Information Possibly Outdated
The information presented on this page was originally released on May 8, 1998. It may not be outdated, but please search our site for more current information. If you plan to quote or reference this information in a publication, please check with the Extension specialist or author before proceeding.
State's Timber Market Rewards Landowners
MISSISSIPPI STATE -- Low log inventories around the state last winter kept timber prices high, and landowners continue to respond by bringing more to market.
Dr. Bob Daniels, forestry specialist with Mississippi State University's Extension Service, said wet weather was a key factor in log inventories this winter.
"Rainy weather kept logging and transportation operations difficult from late October through February, especially in Central and South Mississippi," Daniels said.
Pine sawtimber prices reached record highs statewide in January and February, with averages ranging from $484 per thousand board feet in South Mississippi to $420 in the Delta. Average prices 10 percent higher than January 1997 prompted many landowners to sell their timber now.
"Apparently landowners reacted to the high year-end prices and brought more timber to market," Daniels said. "Many pine mills had lower than desired log inventories due to the rainy weather and were competing strongly for tracts of good timber that could be logged immediately."
Pulpwood and paper production were steady through January, with pulpwood in demand. Standing pine pulpwood in January and February averaged a high of $44 in South Mississippi and a low of $27 in the Delta.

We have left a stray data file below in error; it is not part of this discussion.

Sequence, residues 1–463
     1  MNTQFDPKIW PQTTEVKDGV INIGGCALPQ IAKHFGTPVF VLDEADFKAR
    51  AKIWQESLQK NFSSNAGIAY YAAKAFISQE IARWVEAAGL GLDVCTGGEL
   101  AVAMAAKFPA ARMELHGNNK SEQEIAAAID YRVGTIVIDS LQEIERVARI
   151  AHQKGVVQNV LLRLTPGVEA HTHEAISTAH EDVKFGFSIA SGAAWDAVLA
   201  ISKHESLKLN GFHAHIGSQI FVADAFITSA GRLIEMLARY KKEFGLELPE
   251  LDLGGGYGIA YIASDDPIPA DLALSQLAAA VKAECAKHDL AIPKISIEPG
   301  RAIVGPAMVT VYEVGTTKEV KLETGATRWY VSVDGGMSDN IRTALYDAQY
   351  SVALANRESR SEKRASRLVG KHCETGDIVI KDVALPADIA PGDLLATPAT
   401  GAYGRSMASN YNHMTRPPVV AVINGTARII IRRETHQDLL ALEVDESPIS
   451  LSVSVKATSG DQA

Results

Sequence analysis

Hardwood pulpwood had a statewide average of $25.50 per cord, a 43 percent increase from last January. Oak sawtimber moved higher to average $331 per thousand board feet, a 31 increase from January 1997. Prices for mixed hardwood held steady through winter.
"Once the winter is behind, prices can be expected to moderate as they always do," Daniels said. "Usually prices trend down and bottom in mid-summer, then move up in the fall. Indicators in early May are that prices have begun to moderate, as buyers know it's likely to get drier as time goes on."
Michael Halfacre, president of Timberland Consulting, Inc., in Louisville, said recent dry weather has increased mill inventories and decreased current demand for pulpwood.
"Pulpwood prices have slipped, but were at record highs in the winter," Halfacre said.
A few years of high timber market conditions have allowed many state loggers to upgrade their operations with highly mechanized and better equipment, Halfacre said.
"This makes them highly productive," he said. "Where it used to take several weeks of pretty weather to build inventories, now they can build up the inventories very quickly."
Mickey Webb, president of Webb Forestry Consultants in Columbia, said pine sawtimber in South Mississippi sold as high as $650 per thousand board feet last winter. Pine chip and saw logs sold as high as $150 a cord, and pine pulpwood hit $25 a ton.
Going in to the summer, prices have slipped some but are still great. Webb advises clients to sell wet-natured land, but hold on to land that can be worked in the winter.
"They don't have a lot to lose by waiting to sell, and there is the potential to pick up another 20 percent on price," Webb said.
The Mississippi Timber Report prices are available on the Internet through the Extension Service's web site at http://www.ext.msstate.edu/anr/forestry.